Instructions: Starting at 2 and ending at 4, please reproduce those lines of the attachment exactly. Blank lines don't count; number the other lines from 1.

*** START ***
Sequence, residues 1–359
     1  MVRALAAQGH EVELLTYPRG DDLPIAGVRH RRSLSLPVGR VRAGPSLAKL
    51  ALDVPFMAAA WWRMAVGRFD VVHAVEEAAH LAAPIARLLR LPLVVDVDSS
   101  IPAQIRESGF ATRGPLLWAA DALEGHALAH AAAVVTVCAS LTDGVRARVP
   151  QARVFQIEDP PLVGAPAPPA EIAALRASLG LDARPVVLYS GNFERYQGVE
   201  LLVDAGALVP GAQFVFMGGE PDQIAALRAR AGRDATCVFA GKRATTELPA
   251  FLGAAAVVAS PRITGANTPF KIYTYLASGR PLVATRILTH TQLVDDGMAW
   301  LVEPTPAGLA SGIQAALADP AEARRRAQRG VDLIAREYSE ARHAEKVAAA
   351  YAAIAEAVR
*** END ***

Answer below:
     1  MVRALAAQGH EVELLTYPRG DDLPIAGVRH RRSLSLPVGR VRAGPSLAKL
    51  ALDVPFMAAA WWRMAVGRFD VVHAVEEAAH LAAPIARLLR LPLVVDVDSS
   101  IPAQIRESGF ATRGPLLWAA DALEGHALAH AAAVVTVCAS LTDGVRARVP